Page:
Also, for graphics work, people here will tell you "use OpenGL, none of that Java2D BS, it's hopeless!" but I will tell you that I think J2D is great for beginners, in that it tends to be much simpler the OGL, but to each their own.

That being said, there are a neigh on infinite number of basic graphics tutorials (some on this forum!) to get you started. Look (google) around, find what you can, and if there's a particular thing you can't figure out, or can't figure out what to search for, then come back here and we'll do what we can.
Unless you get lucky and someone takes you up on your tutoring request.  Pointing



I actually read this entire post before even posting; But it leaves out a bunch of things; I'm one of those people that needs everything explained before I get a grasp of it. He just states that there's a Tile Class somewhere, but I have no idea what's in it? Probably an Abstract class that has thins like "GrassTile", "SandTile" etc that extends it; However I don't really have the slightest idea. This is why I'm willing to pay someone to help me get started.
Offline ags1

JGO Wizard


Medals: 67
Projects: 3
Exp: 5 years


Make code not war!


« Reply #11 - Posted 2014-04-15 10:31:31 »

Hmmm... Programming is creative, there are many right solutions to any given problem, and all the right solutions have different bugs and limitations. Five people will tell you five different things - some will be quite similar (with telling differences) but some of the things they say will be poles apart. So I'm not sure how much it would benefit you if someone "told" you "exactly" how to do it.

Offline Grunnt

JGO Wizard


Medals: 84
Projects: 8
Exp: 5 years


Complex != complicated


« Reply #12 - Posted 2014-04-15 12:11:09 »

I'm willing to pay somebody to help me get to understanding all of this

Anyone really skilled and experienced will likely have something better to do and much more profitable means to get money. Besides, many people who are skilled and experienced like to help others for free.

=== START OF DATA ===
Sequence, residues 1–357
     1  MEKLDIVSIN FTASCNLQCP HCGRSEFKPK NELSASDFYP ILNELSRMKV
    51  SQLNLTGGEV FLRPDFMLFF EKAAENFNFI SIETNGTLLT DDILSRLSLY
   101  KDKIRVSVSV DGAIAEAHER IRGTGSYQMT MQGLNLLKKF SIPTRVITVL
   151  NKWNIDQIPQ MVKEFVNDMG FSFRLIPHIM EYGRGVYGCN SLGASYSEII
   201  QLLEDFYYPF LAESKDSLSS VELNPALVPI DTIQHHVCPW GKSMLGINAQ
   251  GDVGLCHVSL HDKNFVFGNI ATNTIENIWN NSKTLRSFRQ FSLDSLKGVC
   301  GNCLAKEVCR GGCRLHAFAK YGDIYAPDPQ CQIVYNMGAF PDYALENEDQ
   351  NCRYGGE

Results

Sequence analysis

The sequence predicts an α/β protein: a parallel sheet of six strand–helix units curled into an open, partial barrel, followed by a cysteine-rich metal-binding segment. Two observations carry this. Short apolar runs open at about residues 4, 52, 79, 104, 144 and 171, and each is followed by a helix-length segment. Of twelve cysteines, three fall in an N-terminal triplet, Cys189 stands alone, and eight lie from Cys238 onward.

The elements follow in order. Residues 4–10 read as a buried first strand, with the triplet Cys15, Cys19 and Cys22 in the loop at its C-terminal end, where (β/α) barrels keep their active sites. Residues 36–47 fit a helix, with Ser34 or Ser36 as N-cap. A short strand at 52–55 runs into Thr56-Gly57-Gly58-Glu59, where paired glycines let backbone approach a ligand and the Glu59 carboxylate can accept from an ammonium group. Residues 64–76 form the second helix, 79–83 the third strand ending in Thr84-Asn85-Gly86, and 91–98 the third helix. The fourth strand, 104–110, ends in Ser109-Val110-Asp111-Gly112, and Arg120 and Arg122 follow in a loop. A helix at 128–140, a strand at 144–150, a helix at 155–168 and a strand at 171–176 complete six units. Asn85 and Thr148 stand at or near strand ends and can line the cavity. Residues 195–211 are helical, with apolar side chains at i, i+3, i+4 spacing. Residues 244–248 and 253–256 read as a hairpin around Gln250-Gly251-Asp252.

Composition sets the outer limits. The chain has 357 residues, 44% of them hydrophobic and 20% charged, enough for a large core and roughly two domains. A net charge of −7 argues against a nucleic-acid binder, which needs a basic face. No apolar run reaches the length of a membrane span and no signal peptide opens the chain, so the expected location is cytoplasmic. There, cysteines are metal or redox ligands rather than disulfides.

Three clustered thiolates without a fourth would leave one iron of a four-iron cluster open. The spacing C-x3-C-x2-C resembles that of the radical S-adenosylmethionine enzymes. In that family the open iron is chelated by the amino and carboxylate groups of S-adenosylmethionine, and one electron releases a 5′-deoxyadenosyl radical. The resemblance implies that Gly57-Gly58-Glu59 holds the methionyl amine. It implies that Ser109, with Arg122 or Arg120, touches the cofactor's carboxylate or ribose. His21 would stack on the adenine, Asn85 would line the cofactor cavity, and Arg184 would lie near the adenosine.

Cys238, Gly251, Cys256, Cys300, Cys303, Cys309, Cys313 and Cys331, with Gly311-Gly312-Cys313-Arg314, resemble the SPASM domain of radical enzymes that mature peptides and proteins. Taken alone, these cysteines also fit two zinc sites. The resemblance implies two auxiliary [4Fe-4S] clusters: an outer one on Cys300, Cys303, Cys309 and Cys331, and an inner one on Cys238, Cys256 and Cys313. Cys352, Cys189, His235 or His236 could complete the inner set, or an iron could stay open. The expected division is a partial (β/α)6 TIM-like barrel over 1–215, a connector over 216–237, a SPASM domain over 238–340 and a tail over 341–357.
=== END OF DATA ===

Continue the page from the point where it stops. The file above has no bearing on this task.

Read books, read tutorials, ask questions or critiques of your code here and you'll learn at pretty much optimal speed.  

Offline TeamworkGuy2

Junior Duke


Medals: 10



« Reply #13 - Posted 2014-04-15 15:35:13 »

I can agree with Grunnt, reading books and tutorials and learning that way is effective (you thoroughly understand the code you write), but it is not efficient.
Looking back on my experience learning OpenGL 1.1 and then realizing the programmable pipeline and OpenGL 2+ existed was not efficient.  I spent many months of evenings and weekends trying to learn basic things and fix basic issues that could have been explained to me in much less time.

Don't rediscover the laws of physics, just to reinvent the wheel, just to create a basic cart.  If want a basic cart, go buy a cart or ask someone to make one for you or help show you how to make one.

If a guy is willing to pay for tutelage than more power to him.  He has the foresight to understand that graphics programming is a complex maze of topics that can be efficiently learned through teaching.
I enjoy helping people learn Smiley (served as a tutor at university), but I don't think I am knowledgeable enough in the particular topics the OP is looking for (tile systems, possibly shaders, animation, etc).
Offline philfrei
« Reply #14 - Posted 2014-04-15 23:55:53 »

He just states that there's a Tile Class somewhere, but I have no idea what's in it? Probably an Abstract class that has thins like "GrassTile", "SandTile" etc that extends it; However I don't really have the slightest idea. This is why I'm willing to pay someone to help me get started.
That's a reasonable question for the Newbie area.

How about starting with this as a preliminary answer: define your Tile class with one property, an instance variable that holds the TerrainType housed in that area, and the related getters/setters.

TerrainType can also be a single class. It could hold a reference to the graphic that needs to be drawn. You make as many of them as are needed so that you have one of each type of terrain in your world. Then, reuse them as you assign them to the Tile class.

Then, make a 2D array of these Tiles, and implement the translation algorithms that the article employs to map X,Y mouse locations to the internal representation.

The render method for the world would inspect the array of Tile, get each TerrainType for that Tile, and employ the translation algorithm to determine where to draw.

Will that get you rolling? Further questions can be posted at the Newbie forum. If you want to mail me a check, though, I'll be happy to provide a name and address.  Wink

I can certainly relate to the sentiment of wanting to have someone to just explain things, I must admit. Have been tempted to ask for tutoring services more than a couple times myself.

"It's after the end of the world! Don't you know that yet?"